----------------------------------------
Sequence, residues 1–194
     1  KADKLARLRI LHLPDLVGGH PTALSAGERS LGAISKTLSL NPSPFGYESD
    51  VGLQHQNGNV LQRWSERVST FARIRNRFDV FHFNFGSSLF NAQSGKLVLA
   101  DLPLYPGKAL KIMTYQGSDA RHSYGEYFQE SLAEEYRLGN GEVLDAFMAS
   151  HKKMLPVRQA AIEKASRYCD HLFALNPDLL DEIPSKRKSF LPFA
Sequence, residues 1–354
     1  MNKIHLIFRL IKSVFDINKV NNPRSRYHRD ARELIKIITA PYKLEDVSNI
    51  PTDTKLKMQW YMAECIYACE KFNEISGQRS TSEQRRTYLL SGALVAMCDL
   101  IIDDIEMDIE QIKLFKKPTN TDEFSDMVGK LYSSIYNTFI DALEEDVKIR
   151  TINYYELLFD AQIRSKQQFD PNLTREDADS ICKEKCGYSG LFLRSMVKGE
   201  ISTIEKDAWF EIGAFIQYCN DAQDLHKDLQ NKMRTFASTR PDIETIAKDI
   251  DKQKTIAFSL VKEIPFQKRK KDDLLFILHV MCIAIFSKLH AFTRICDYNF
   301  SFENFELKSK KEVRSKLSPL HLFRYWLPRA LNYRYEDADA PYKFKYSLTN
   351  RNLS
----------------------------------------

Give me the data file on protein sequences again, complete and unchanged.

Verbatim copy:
Sequence, residues 1–194
     1  KADKLARLRI LHLPDLVGGH PTALSAGERS LGAISKTLSL NPSPFGYESD
    51  VGLQHQNGNV LQRWSERVST FARIRNRFDV FHFNFGSSLF NAQSGKLVLA
   101  DLPLYPGKAL KIMTYQGSDA RHSYGEYFQE SLAEEYRLGN GEVLDAFMAS
   151  HKKMLPVRQA AIEKASRYCD HLFALNPDLL DEIPSKRKSF LPFA
Sequence, residues 1–354
     1  MNKIHLIFRL IKSVFDINKV NNPRSRYHRD ARELIKIITA PYKLEDVSNI
    51  PTDTKLKMQW YMAECIYACE KFNEISGQRS TSEQRRTYLL SGALVAMCDL
   101  IIDDIEMDIE QIKLFKKPTN TDEFSDMVGK LYSSIYNTFI DALEEDVKIR
   151  TINYYELLFD AQIRSKQQFD PNLTREDADS ICKEKCGYSG LFLRSMVKGE
   201  ISTIEKDAWF EIGAFIQYCN DAQDLHKDLQ NKMRTFASTR PDIETIAKDI
   251  DKQKTIAFSL VKEIPFQKRK KDDLLFILHV MCIAIFSKLH AFTRICDYNF
   301  SFENFELKSK KEVRSKLSPL HLFRYWLPRA LNYRYEDADA PYKFKYSLTN
   351  RNLS